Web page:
“One of the things I love most about entertainment is when there’s a problem, you can figure it out, make something, or get around it.”

The Wharton Media and Entertainment Club (UME) hosted its first virtual conference, UME-Chella, on December 4 and 5. More than 100 undergraduates Zoom-ed in to hear from Penn/Wharton alumni in the media and entertainment industry, representing Universal Music Group, Youtube, CBS, Warner Bros., ABC Television, and more. The conference touched on both the creative and business sides of the industry and highlighted a variety of career paths in film, television, and music.

One major theme was the impact of COVID-19 and how the industry found creative ways to work with pandemic limitations.

Overcoming Challenges

Production teams ran into different kinds of shooting complications.

Larger production companies had the budget to afford COVID’s in-person health and safety protocols, but logistics, large casts and crew, and the dilemma of allowing family members on set quickly plagued production.

Kerry Kennedy, C’93, senior vice president of ABC Television said, “At a company like Disney, it’s amazing to be so big, because you have so much power and so many choices. Where it’s harder is that there are so many layers of people (…) that have to approve things like testing, that we got behind the ball. So some of the smaller, more nimble companies got all the testing and then we were behind.”


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Companies had to balance costs with safety.

Filming during a pandemic comes with health risks and the fear of shut-downs, but also high costs.

“It’s one of these things where we’re learning as we’re going. It’s at a tremendous cost to our bottom line. We’re already in a somewhat challenged industry in terms of ratings. CPMs (cost per thousand impressions) are going down because of COVID, many businesses are in trouble, and the cost for COVID between the testing, additional people we need on set, and the precautions we need to keep people separated have added a tremendous burden to the budget,” said Kerry.

While larger companies have been able to continue production and implement the required testing and health measures, Jason Heyman, C’91, UTA talent agent, emphasized how COVID has had an especially negative impact on small, independent films. Safety procedures and testing protocols are expensive, and those costs make up a substantial portion of films with more modest budgets and smaller company backings.

Finding Creative Solutions

Creatives honed in on scriptwriting.

Once production halted in March, roles in the entertainment industry shifted. Creative work (such as script-writing) was able to continue, while in-person roles (such as filming) were put on hold.

“Working on scripts shot up. Writers were giving me scripts back in two weeks when it would usually take a month. It was a constant: read a script, give notes, get it out,” Royce Reeves-Darby, C’15, creative executive at Picturestart, said. “For the first couple of months, no one knew what was going on. But one thing we could do is make sure our movies are ready to go once things start to film again.”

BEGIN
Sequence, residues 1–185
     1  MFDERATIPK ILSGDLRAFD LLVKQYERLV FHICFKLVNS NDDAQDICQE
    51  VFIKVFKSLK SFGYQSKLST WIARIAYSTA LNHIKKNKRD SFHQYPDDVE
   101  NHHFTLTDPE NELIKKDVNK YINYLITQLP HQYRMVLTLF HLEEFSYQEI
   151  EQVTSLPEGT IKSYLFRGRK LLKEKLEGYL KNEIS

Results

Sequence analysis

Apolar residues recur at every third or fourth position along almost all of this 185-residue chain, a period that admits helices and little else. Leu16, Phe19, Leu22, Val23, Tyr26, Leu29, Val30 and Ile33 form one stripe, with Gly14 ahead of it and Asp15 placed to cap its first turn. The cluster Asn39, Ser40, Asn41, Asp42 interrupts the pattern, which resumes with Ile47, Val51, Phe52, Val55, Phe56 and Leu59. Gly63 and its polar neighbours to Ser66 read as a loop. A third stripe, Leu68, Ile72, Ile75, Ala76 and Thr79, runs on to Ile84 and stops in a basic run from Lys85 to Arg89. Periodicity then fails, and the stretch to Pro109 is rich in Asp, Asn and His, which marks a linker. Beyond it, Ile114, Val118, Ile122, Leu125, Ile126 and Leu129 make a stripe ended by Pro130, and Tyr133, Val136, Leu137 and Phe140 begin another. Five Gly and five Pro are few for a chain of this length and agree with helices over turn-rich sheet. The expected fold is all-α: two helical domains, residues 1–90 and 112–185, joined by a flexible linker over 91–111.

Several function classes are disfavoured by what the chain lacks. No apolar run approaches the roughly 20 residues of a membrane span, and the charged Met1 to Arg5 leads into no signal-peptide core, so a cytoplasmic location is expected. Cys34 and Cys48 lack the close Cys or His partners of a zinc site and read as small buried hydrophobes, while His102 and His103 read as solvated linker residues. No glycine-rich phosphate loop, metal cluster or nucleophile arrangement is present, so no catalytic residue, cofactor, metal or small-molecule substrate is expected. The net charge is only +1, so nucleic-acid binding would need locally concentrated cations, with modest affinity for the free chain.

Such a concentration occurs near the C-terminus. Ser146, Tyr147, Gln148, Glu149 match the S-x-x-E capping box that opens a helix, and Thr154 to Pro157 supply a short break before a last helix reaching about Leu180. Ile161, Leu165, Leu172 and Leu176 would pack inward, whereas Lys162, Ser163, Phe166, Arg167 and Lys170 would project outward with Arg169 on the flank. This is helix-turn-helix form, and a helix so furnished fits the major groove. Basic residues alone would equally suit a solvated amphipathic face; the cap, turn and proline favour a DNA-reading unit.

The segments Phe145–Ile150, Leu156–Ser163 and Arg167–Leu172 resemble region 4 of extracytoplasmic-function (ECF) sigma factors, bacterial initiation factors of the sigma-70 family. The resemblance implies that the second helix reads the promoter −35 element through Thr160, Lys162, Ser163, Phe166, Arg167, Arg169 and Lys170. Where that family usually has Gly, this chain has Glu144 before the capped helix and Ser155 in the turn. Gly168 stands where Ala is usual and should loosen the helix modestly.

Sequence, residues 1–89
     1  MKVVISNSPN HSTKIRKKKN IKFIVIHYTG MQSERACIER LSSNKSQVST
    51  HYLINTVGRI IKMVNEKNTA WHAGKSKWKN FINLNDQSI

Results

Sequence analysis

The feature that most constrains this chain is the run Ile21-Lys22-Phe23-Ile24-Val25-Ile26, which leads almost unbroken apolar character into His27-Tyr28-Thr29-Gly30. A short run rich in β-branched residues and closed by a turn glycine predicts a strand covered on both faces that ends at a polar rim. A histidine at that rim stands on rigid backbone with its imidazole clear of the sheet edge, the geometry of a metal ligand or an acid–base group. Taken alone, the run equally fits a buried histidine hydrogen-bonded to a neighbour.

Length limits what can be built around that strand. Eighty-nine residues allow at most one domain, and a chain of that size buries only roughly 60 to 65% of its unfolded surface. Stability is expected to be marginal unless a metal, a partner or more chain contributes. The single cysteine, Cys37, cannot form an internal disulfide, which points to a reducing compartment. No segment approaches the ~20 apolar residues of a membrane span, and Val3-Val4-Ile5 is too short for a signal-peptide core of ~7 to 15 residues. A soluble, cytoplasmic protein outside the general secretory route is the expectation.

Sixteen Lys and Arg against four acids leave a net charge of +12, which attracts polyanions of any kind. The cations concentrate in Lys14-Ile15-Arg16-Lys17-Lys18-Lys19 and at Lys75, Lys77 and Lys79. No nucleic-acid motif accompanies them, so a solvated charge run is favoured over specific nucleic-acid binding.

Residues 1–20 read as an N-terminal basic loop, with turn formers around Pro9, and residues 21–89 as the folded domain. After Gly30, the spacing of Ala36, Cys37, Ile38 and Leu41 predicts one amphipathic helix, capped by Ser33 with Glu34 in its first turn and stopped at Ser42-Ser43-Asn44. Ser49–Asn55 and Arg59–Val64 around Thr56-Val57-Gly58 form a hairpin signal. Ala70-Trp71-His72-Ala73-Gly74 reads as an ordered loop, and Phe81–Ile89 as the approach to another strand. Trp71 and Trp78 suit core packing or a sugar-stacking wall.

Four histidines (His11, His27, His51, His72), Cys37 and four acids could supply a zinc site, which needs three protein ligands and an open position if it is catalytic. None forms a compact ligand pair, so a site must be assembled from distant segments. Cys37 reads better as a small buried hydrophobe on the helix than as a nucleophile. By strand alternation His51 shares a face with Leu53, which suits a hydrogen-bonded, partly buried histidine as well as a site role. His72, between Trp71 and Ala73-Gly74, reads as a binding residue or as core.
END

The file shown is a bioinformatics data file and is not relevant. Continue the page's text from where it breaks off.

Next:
Filming of unscripted content was prioritized.

Unscripted TV shows offer more flexibility than scripted content, partly because production teams can “bubble.”

“On Bachelorette and shows like that, we do a tent city, like a bubble. Almost like they would do on CBS Survivor. Where you basically isolate everyone for two months. You go through various levels of testing, and you can’t leave. If you leave, you have to go through all the stages to reenter the bubble,” Kerry said.


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Teams had to get creative for shows like The Bachelorette, which usually features exotic destinations but was now limited to one location.

Barrie Bernstein, C’95, executive producer of The Real Housewives of NYC, continued production after implementing testing, limiting the number of staff on-site, and essentially reworking the show, balancing network scheduling with COVID protocols. “Normally, everyone will be on set. That doesn’t happen anymore. We can’t have our two executive producers in the room at the same time. Remote producing, who would’ve thought of that before?” Barrie said. “But we’re making it happen. And frankly, we’re all so thankful nothing’s shut down. Everyone’s doing everything they can to keep working.”

Companies pursued projects that worked with COVID restrictions.

Companies seized the opportunity to shoot and produce films that were a better fit for pandemic restrictions, like those in the horror genre. Networks pursued creative programming like The Disney Family Singalong, a special that features remote video performances from a star-studded cast.

“My friend is a writer on Grey’s Anatomy and she said they’re doing it normal — because the actors wear PPE and it’s part of the show,” Royce said.

“One of the things I love most about entertainment is when there’s a problem, you can figure it out, make something, or get around it,” he added. “There’s no one-plus-one equals two. One-plus-one can equal two this way, or however you can get there.”

— Erin Lomboy, W’21

Posted: December 21, 2020

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